Employee Breaks Under the FLSA
In today’s society, more people realize the value in maintaining a manageable work-life balance. And with healthcare costs continually on the rise, now more than ever prospective employees are looking beyond a position’s salary when seeking employment. Because of this, employers realize they must provide a comprehensive and attractive benefits package to recruit and retain quality employees.
A major issue for many employees is an employer’s policy for personal time off (PTO). Paid time off, or personal time off, is generally accrued as an employee works. While employers often allow employees to use PTO for the year before they actually accrue it (to avoid everyone using their PTO at the end of the year) many employees accrue more PTO than they use. This often results in an employee having a surplus of PTO.
When it comes time to leave a job, many employees wonder whether they must be paid out for their remaining unused PTO. Given that many employees carry large balances of PTO, the payout an employee receives upon their termination can be considerable. Employers may try to limit the amount of PTO they pay an employee upon termination; however, this is not always allowed.
As we have noted in previous blog posts, the Fair Labor Standards Act (FLSA) (the “Act”) is a federal law that guarantees Texas employees certain workplace rights. Among those are the right to be paid at or above the federal hourly minimum wage and the right to collect overtime pay for any hours worked over 40 per week. While the FLSA governs most jobs in the United States, some employees are excluded from the Act’s overtime rules. These employees are referred to as “exempt” employees.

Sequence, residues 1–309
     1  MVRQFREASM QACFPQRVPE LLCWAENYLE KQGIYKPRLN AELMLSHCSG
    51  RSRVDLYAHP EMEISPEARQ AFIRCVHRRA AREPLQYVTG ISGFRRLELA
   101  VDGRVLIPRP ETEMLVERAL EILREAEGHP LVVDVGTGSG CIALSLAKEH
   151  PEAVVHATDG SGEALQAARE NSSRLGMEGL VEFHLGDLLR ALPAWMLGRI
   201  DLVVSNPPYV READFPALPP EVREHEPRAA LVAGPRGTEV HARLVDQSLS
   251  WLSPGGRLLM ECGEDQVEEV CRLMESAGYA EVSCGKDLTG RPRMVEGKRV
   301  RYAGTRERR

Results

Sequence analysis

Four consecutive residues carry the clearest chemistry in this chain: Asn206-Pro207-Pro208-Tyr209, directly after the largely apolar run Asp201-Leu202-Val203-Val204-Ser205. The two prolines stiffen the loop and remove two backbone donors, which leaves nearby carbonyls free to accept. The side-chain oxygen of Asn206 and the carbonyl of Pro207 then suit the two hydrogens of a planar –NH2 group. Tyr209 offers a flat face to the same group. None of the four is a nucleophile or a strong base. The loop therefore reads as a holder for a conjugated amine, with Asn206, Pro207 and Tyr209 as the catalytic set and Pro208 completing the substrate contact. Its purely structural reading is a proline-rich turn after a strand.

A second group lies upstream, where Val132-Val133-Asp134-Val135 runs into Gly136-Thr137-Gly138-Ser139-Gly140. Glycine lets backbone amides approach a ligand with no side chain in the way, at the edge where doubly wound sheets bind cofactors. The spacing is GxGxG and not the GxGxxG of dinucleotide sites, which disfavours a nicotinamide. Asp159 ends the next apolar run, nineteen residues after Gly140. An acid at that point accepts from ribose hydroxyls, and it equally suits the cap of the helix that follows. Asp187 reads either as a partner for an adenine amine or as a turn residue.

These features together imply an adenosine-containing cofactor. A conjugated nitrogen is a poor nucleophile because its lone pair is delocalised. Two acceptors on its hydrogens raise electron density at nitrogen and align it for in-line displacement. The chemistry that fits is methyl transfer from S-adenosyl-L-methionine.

Determining whether an employee is exempt or non-exempt under the FLSA can be tricky, and may depend on how much an employee is paid, how they are paid, and what type of work they perform. As a general rule, to be considered exempt, an employee must meet each of the following three criteria:
- the employee is paid at least $23,600 per year ($455 per week);
The Fair Labor Standards Act (FLSA) establishes employment standards that impact individuals employed in state, federal, and local government. The FLSA covers minimum wage, overtime pay, and record-keeping requirements.
The FLSA requires non-exempt employees to receive overtime pay if they work over forty hours. The rate must be at 150 percent of the employee’s regular rate of pay. Notably, this overtime rate does not apply to employees who work on holidays or weekends, unless they work over 40 hours. However, there are some exceptions to this.
Retail Exemption under the FLSA
Given the technological advancements over the past few decades, more and more employees are expected to be on call – either officially or unofficially – all day, every day. Most often, this occurs when an employee receives a phone call or email after they have left the office for the day. And depending on the sender of the communication, the subject, and the workplace culture, an employee may feel as though they must address the issue although they are technically off the clock.